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A group representing students at Lancaster University have announced that they are to undertake a rent strike, outlining their demands for rent reduction, a rent waiver for students unable to access accommodation, the improvement of student services and a guarantee for no repercussions against participating rent strikers.
In an open letter published by the group, they accuse Lancaster University of “luring students to campus with the false promise that in-person teaching would be a feature of student life”, further arguing that they feel that the provision of support services by the university has been inadequate, citing the earlier incidence of charging students £17.95 for food boxes during the period of lockdown last year. Reaching out to them via social media, a representative of the Lancaster Uni Rent Strike group stated that their campaign “is run independently by Lancaster students; we are connected with other campus groups and several of our organisers gained experience in the successful ACORN-led strike last April, but we believe that running things independently is in the best interest of students.”
“We initiated our campaign with the tentative primary goal of gauging student interest in possible action for the summer term, but thanks to the overwhelmingly positive response we’ve gotten, it’s clear there is demand for action right now and so we’ve decided to focus on the Lent term rent payments this week. The main reason we are advocating for a strike is that although the University had a clear precedent of action to base its approach off, given the events of the last academic year, it has nevertheless failed to act in the interests of students.”
“At the time of writing we have over 500 students willing to withhold rent, a number considerably higher than those committed to successful rent strikes at other universities. At this stage we believe it’s in the best interests of the University to concede to our demands.”
SCAN approached Lancaster University for comment, and received the following statement:
“While the situation is still fluid and we are subject to changing Government restrictions, the University has remained focussed on delivering what it promised – high quality education and supporting our students. We have focussed on those in hardship and encourage any student in that situation – as a result of the pandemic or otherwise – to apply for hardship support.
“Staff and students at Lancaster have responded to the challenges of the pandemic with extraordinary determination, enabling us to keep our campus and accommodation open throughout – including Christmas which saw hundreds of students remain with us on campus. In a fast-moving situation we put extra resources into mental health support and pointed students to a range of essential provisions, including via the Students’ Union, as well as delivering social activities within the regulations. “
“We consistently said this year would be a mix of on-line and face-to-face teaching designed to deliver high-quality degrees and we have kept that promise. We are gathering student feedback on their learning experience and will continue to act upon it. Government advice in the last few days has meant we have had to stagger the start of face-to-face teaching for some subject areas. We continue to look at options that will make up for any alterations to previously planned face-to-face provision’ in this rapidly-changing situation.”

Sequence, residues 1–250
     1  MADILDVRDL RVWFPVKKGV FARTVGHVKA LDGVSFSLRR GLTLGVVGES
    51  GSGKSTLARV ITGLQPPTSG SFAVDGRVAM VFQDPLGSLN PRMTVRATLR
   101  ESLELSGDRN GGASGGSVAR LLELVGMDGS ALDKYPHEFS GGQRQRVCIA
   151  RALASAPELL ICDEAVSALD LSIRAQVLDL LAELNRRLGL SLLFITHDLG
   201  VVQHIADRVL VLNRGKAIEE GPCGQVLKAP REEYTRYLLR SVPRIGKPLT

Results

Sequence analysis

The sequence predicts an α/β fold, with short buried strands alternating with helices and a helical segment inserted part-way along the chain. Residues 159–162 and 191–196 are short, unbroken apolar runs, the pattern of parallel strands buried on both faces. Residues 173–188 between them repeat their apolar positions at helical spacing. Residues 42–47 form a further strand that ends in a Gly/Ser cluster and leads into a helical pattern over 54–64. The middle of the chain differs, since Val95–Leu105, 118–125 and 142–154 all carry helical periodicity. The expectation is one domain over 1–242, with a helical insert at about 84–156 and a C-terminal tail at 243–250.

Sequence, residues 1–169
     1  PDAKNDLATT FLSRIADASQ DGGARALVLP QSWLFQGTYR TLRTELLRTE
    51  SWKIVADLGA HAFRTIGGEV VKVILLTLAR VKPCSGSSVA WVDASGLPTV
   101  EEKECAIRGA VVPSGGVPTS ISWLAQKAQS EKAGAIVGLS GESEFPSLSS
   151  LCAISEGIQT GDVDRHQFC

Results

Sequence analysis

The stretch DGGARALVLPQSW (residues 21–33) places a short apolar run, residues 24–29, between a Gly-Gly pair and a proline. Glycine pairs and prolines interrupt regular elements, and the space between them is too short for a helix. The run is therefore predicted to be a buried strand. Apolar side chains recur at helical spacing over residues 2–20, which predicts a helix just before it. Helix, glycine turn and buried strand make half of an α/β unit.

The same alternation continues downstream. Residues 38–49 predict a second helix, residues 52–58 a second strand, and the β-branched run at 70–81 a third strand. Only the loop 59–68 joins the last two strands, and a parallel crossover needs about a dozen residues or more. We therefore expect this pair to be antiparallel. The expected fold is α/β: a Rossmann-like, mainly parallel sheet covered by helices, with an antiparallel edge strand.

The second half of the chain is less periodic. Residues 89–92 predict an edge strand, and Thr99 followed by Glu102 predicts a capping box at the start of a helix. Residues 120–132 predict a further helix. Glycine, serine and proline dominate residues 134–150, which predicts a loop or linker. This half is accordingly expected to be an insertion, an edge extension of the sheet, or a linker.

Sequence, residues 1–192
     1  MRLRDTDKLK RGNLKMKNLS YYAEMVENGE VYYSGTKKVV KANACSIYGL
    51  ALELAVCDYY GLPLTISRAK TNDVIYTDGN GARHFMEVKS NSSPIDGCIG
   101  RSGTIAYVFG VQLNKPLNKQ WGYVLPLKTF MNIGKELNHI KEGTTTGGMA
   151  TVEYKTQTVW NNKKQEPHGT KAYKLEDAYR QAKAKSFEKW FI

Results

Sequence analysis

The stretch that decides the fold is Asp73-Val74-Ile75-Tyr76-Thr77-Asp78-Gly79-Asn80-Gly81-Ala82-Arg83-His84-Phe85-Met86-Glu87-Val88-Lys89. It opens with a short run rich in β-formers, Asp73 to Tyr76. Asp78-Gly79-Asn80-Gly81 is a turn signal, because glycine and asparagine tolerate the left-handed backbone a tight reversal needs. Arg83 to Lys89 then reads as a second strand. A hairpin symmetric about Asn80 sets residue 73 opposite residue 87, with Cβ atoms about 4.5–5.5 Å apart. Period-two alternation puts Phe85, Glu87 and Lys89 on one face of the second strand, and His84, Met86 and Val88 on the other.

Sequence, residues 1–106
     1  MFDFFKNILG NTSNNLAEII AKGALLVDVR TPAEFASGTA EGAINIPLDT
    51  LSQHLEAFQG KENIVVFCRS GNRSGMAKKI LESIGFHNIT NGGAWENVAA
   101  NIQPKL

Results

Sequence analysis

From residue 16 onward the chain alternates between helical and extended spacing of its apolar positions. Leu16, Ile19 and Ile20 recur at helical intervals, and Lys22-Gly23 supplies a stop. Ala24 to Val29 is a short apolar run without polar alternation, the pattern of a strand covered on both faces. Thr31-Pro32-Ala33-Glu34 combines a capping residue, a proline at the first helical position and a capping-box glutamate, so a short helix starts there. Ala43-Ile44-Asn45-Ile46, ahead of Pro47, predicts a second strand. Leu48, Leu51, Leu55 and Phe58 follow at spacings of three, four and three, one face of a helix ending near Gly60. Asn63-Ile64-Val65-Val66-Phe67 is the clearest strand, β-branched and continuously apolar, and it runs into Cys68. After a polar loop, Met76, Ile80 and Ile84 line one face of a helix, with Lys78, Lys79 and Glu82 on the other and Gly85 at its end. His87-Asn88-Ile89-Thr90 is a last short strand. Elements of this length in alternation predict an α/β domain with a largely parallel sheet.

Approaching the Lancaster University and Scotforth Rural Ward Councillors from the Labour Party and from the Eco-Socialist Independents on the 5th January, we received a reply from Oliver Robinson in his acting role as City Councillor. Oliver Robinson expressed his support as a Councillor in a public post and further offered a statement to SCAN, stating: “I absolutely support the rent strikers and their efforts, and I wish them the best of luck. Their demands for justice in a year that has seen students kicked about as a monetary football are well founded, and I fully support all of their demands. I hope that the University shows that we are a vibrant academic community, and that students are more than just cash cows for them to extract money from.”
The Liberation Campus Officers have further published a statement in support of the rent strike in a post on social media, supporting the demands made by the rent strike and stating that “no student should be expected to pay for services and accommodation that they are currently not using due to extreme circumstances such as COVID-19. We will be supporting this student-led campaign in any way we can. We hope that the University and the Student Union do the right thing and support students in these times”.
As of writing, the rent strike group have publicised that they have over 500 hundred current students willing to take part in the strike ahead of the upcoming rent payment date. This rent strike comes amid a growing demand for an academic safety net to be introduced to allow for coursework extensions and for rapid consultation with Academic Faculty Reps to discuss how assessment and teaching will proceed in 2021.